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For years, breast cancer patients, survivors, and their families have wondered if decades of walks, ribbons, fundraising, awareness, and dedicated activism were making a difference.

On Tuesday, a new batch of results came in.


A statistical analysis published by the American Cancer Society found that mortality rates from breast cancer fell 39% between 1989 and 2015.

The decrease amounts to 322,600 saved lives in 26 years, according to the paper's authors. Researchers attribute the drop to increased early detection and more effective treatment options.

The percentage of women over 40 who have had a mammogram in the prior two years grew from 29% in 1987 to 64% in 2015. Meanwhile, options for combatting the disease have increased, thanks to the advent of new drugs and therapies.

Hundreds of thousands of fewer people dying is good news.

The bad news is that black women continue to die from the disease at higher rates than any other demographic.

While a lower percentage of black women are dying from the disease overall, their fatality rates are still nearly 40% higher than those of white women, a rate that has remained maddeningly persistent for decades.

[rebelmouse-image 19531394 dam="1" original_size="700x466" caption="Photo by USAG, Humphreys/Flickr." expand=1]Photo by USAG, Humphreys/Flickr.

"The reason for the black and white difference is primarily related to economic status and lack of insurance on part of black women," Harold Freeman, former director of the American Cancer Society, told NPR in a 2014 interview.  "But also, we have a health care system that doesn't treat everyone equally." He cites a lack of ability to pay for preventive care and subconscious assumptions that lead some medical professionals to ignore black women's concerns as contributing factors.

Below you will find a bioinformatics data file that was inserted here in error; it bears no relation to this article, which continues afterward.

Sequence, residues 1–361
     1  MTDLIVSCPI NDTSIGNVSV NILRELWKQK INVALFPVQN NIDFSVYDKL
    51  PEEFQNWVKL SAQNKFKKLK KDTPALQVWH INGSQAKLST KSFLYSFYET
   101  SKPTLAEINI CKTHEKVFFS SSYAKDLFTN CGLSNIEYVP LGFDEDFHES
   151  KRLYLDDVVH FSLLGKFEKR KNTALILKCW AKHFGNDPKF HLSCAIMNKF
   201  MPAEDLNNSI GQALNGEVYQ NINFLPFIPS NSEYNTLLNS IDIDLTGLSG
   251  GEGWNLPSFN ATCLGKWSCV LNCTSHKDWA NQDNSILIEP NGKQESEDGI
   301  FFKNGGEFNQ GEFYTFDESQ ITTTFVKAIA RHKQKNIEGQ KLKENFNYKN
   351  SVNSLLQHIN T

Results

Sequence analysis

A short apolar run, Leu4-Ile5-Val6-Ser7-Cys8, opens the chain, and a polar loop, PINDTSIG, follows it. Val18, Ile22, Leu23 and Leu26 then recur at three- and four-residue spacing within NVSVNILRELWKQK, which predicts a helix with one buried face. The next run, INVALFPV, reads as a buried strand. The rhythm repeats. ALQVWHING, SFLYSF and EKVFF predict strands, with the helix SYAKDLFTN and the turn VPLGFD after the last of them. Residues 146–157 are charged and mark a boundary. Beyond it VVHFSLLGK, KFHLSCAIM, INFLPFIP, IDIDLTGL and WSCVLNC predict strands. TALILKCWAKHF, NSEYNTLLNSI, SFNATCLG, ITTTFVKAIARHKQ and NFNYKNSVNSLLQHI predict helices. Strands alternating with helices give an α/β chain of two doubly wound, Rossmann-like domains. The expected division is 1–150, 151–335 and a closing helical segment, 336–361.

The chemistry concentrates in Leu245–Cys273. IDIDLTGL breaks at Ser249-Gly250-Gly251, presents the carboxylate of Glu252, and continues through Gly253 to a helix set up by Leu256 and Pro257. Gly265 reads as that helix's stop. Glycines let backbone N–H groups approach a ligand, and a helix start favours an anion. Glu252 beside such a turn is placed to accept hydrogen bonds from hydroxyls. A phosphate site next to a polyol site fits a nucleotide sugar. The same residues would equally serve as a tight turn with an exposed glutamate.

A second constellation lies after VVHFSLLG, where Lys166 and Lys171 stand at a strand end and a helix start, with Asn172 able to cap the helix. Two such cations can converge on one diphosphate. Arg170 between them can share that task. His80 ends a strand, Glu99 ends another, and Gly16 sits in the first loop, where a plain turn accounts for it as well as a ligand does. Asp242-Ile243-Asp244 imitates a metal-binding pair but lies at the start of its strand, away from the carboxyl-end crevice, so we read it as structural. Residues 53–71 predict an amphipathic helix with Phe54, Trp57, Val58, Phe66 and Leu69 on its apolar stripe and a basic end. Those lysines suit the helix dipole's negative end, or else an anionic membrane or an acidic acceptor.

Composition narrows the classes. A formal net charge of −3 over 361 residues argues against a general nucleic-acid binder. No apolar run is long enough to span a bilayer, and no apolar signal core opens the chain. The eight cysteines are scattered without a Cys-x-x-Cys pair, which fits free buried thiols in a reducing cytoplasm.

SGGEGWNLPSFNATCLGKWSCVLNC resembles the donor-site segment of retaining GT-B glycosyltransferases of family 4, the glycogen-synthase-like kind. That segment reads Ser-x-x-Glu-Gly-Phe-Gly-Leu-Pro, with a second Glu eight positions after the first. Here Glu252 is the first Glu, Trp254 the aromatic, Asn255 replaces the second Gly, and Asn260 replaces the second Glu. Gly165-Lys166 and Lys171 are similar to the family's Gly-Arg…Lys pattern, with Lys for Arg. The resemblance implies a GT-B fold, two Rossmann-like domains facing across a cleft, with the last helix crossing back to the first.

The study also found that the racial mortality gap varied heavily by region. Disparities were worst in eight mostly southern states: Alabama, Louisiana, Mississippi, Missouri, North Carolina, Virginia, Indiana, and Michigan.

Eliminating the racial disparity when it comes to breast cancer diagnoses will require more than ribbons and walks to solve — and organizations are already rising to the challenge.

Groups like Breast Cancer Action have made racial justice a core plank, citing the need to address the disparities in education, housing, and economic power that exacerbate the mortality gap at its root.

As a stopgap, programs like the CDC's National Breast and Cervical Cancer Early Detection Program help provide early detection screenings to low-income and uninsured people.

While some states indeed showed large, persistent racial disparities in mortality rates, according to the study, the gap was nearly nonexistent in several others. Three states — California, Massachusetts, and Delaware — made significant, verifiable progress in making outcomes more equal over the 26-year span.

"This means that there is light at the end of the tunnel," Carol DeSantis, lead author of the study, told The Washington Post. "Some states are showing that they can close the gap."